Fang Fangand Ma Hui UBC Okanagan 
EnergyEfficient Resource Scheduling for NonOrthogonal Multiple Access (NOMA) Wireless Network: A DC Programming Approach (Fang) and Convex Analysis Based Beamforming of DecodeandForward Cooperation for Improving Wireless Physical Layer Security (Hui) Further details available from the COCANA Website. 
Oct. 15th via COCANA (Kelowna) 
Warren Hare UBC Okanagan 
Proximal Bundle Methods for Inexact Oracle Functions Further details available from the COCANA Website. 
Oct. 10th *8:304:30* 
WCOM Hosted by UBC Okanagan 
Details of the Fall 2015 West Coast Optimization Meeting here. 
Oct. 1st via COCANA (Kelowna) 
Shawn Xianfu Wang UBC Okanagan 
Strongly convex functions, Moreau envelopes, and the generic nature of convex functions with strong minima Further details available from the COCANA Website. 
Tuesday, Sept. 22nd Joint O.R. and Discrete Math Seminar *Burnaby* *1:30* *AQ K9509* 
Ilya Shmulevich Institute for Systems Biology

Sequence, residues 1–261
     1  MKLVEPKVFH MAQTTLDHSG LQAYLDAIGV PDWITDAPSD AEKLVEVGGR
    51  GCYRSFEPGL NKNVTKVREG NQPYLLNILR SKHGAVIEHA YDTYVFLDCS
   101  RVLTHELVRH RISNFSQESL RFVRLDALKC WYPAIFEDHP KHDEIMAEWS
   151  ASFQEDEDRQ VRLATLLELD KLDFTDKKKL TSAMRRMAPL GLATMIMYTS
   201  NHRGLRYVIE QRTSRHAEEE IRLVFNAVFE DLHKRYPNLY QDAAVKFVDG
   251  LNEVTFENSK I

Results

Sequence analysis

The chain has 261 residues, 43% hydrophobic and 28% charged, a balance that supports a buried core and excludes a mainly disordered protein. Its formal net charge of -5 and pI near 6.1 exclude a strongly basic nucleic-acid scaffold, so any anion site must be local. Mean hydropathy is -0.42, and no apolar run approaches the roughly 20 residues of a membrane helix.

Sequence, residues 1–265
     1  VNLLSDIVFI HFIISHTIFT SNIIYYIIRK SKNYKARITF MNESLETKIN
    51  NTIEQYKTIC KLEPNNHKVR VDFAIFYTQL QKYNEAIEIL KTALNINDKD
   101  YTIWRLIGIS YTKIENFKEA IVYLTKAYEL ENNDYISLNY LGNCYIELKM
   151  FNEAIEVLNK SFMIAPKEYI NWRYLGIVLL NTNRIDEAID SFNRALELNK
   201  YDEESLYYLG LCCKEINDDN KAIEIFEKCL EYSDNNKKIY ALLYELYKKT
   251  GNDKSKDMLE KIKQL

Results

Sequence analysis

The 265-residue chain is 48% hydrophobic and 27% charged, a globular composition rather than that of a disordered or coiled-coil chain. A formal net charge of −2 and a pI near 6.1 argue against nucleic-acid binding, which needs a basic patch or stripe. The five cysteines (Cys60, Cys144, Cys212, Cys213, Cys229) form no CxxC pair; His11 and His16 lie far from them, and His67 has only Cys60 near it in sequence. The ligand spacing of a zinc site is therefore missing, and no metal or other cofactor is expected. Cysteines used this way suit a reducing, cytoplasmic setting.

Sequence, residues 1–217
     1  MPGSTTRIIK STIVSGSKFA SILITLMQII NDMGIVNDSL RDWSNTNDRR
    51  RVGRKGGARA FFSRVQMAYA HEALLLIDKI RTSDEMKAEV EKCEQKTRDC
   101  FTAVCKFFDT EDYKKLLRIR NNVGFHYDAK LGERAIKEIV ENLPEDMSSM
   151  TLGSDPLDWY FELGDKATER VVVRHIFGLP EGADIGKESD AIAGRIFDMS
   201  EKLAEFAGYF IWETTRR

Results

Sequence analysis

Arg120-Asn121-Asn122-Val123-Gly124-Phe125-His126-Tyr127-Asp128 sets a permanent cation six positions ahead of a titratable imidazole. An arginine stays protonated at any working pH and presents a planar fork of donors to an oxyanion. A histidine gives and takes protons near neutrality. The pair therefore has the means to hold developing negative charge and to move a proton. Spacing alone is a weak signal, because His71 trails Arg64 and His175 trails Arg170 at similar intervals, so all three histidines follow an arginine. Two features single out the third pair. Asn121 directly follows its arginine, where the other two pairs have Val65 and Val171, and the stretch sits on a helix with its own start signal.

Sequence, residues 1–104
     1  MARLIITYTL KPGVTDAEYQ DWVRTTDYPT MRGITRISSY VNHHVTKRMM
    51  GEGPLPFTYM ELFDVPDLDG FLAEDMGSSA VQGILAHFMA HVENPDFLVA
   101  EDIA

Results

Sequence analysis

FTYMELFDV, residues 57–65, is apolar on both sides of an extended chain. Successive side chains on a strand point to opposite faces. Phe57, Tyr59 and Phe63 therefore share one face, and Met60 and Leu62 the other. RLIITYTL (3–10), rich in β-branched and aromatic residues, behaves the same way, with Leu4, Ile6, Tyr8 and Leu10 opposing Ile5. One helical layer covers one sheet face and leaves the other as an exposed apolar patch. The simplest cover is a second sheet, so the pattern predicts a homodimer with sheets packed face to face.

Probabilistic Boolean Networks as Models of Genetic Regulatory Networks Abstract: I will present Probabilistic Boolean Networks (PBNs), which are models of genetic regulatory networks that i) incorporate rulebased dependencies between genes; ii) allow the systematic study of global system dynamics; iii) are able to cope with uncertainty; iv) permit the quantification of the relative influence and sensitivity of genes in their interactions with other genes. PBNs share the appealing rulebased properties of Boolean networks, but are robust in the face of uncertainty. The dynamics of PBNs can be studied in the context of Markov Chains, with standard Boolean networks being special cases. I will also discuss the relationship between PBNs and Bayesian networks  a family of graphical models that explicitly represent probabilistic relationships between the variables. A major objective is the development of computational tools for the identification of potential targets for therapeutic intervention in diseases such as cancer. I will describe several approaches for finding the best genes with which to intervene in order to elicit desirable network behavior.